Elevated Plus Maze

We tested control and MR-tg female mice at PND 90 with respect to frequency of open arm entries, percentage of time in the open arms and total distance the mice traveled in the elevated plus maze (EPM), for a total duration of 5 min (Figure 2). The frequency of open arm entries was similar for control and MR-tg mice (t(70) = 0.19, p = 0.844). Control and MR-tg mice also spent a comparable amount of time in the open arms (t(70) = 0.19, p = 0.844). Finally, the general locomotor activity was not different between control and MR-tg animals (t = 70 = −0.25, p = 0.799).

FIGURE 2
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Figure 2. Effects of MR overexpression in elevated plus maze. (A) Forebrain MR overexpression did not alter locomotor activity in MR-tg vs. control female mice. (B,C) MR-tg and control mice exhibited no differences in anxiety-like behavior, as the percentage of time in the open arms (B) (out of all arm entries) and the percentage of open arm entries (C) were similar for both groups. n = 35–37 per group.

Contextual Fear Conditioning

During training and prior to the foot shock, MR-tg and control mice displayed little freezing behavior; the percentage of time was comparable for both groups (Figure 3A). During the retention test, twenty-four hours later, mice of both groups spent approximately 30% freezing of the total 3 min testing time (data not shown). Since MR is thought to be involved in early appraisal of fear, we distinguished between the first and second half of the observation period, as described before (Zhou et al., 2010). Dividing this period into two blocks of 1.5 min (Zhou et al., 2010) revealed that MR-tg and control mice displayed no differences in the percentage of time freezing (F(1,52) = 0.086, p = 0.770; Figure 3B).

FIGURE 3
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Figure 3. Effects of MR overexpression on contextual fear conditioning. (A) During training, female MR-tg and control mice exhibited no differences in freezing behavior in response to the context, measured for the total 3 min period of testing. (B) Twenty-four hours later, MR-tg mice show comparable freezing behavior compared to control mice, when tested over time (first 90 s compared to the last 90 s of time freezing). n = 25–30 per group.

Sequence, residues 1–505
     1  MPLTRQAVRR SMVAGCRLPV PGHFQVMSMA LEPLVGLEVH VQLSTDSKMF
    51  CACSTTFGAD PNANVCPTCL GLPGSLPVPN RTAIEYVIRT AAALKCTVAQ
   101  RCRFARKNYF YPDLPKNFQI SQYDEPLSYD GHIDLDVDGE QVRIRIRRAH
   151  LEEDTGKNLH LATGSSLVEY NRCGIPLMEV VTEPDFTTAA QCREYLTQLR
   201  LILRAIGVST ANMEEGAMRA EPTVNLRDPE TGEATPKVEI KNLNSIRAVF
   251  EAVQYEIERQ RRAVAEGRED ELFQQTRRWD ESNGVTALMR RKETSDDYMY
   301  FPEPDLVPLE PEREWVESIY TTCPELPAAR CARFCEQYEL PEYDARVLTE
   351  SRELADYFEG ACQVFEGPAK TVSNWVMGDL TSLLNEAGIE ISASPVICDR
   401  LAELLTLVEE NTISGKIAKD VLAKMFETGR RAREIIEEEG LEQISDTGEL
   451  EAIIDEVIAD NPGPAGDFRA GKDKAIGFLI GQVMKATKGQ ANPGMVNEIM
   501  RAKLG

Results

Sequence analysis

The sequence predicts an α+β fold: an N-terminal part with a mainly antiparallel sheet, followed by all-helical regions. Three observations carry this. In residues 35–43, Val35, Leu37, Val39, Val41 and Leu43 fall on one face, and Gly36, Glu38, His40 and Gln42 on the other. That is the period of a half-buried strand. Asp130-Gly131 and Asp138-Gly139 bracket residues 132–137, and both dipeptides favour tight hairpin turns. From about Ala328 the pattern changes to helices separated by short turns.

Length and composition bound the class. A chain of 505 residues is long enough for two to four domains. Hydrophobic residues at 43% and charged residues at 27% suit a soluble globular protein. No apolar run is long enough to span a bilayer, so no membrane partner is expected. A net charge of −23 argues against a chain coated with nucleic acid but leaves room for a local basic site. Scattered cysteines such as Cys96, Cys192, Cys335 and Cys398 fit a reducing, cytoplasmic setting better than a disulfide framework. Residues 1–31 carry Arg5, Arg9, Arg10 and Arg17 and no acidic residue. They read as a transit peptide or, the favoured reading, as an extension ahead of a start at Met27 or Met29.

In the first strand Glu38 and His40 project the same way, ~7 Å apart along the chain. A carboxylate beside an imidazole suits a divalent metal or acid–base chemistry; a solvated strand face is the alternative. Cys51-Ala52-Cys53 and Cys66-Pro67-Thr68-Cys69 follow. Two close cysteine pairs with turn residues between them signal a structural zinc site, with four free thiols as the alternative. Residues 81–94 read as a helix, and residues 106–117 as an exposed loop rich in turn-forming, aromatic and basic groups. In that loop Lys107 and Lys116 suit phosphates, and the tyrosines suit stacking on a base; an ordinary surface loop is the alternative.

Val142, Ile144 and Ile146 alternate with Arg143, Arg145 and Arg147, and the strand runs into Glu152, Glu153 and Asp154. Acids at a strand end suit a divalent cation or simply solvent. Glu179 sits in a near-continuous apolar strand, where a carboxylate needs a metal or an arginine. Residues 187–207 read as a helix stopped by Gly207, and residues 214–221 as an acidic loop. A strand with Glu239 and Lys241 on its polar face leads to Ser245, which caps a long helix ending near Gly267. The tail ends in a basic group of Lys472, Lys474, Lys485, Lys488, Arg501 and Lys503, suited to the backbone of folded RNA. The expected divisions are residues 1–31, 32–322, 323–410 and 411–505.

Cued Fear Conditioning

During training, MR-tg and control mice displayed little freezing behavior before exposure to the tone and foot shock (Figure 4A). Exposure to the tone increased freezing behavior and freezing behavior was also increased after exposure to the foot shock, in a comparable manner for both groups (Figure 4A). Twenty-four hours later, both groups showed similar freezing levels both before and after the presentation of the cue exposure to the tone, now presented in a novel context (F(1,22) = 1.087, p = 0.315; Figure 4B).

FIGURE 4
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Figure 4. Effects of MR overexpression on cue fear conditioning. (A) During training, comparison between MR-tg and control mice revealed no differences in freezing behavior before as well as after the presence of the tone. n = 8 per group. (B) Twenty-four hours later, both MR-tg and control mice showed similar freezing behavior in response to the new context, when compared before and after the tone presentation. n = 8 per group.

Combined Cue and Context Conditioning

The combined cue and context fear conditioning paradigm allows detection of generalization and specificity of fear (Brinks et al., 2009). During acquisition (day 1) both MR-tg mice and wild type littermates increased freezing behavior during cue on and cue off periods (F(11,341) = 76.761, p < 0.001), and always showed more freezing behavior during the cue off (i.e., after the footshock) when compared to the cue on period (Figures 5A,B), as described earlier for this particular paradigm (Brinks et al., 2008, 2009). No significant differences between MR-tg mice and control mice were seen. Fourty-eight hours after training, both control and MR-tg mice displayed freezing behavior during the cue on (Figure 5C) and cue off (Figure 5D) periods. Animals kept freezing in response to the tone (Figure 5C), while showing a decline in freezing behavior during the cue off periods (Figure 5D). As a result, animals started freezing less during cue off than during cue on after the fourth cue on exposure (t(36) = −5.134, p < 0.0001; Figures 5C,D). No group differences were observed.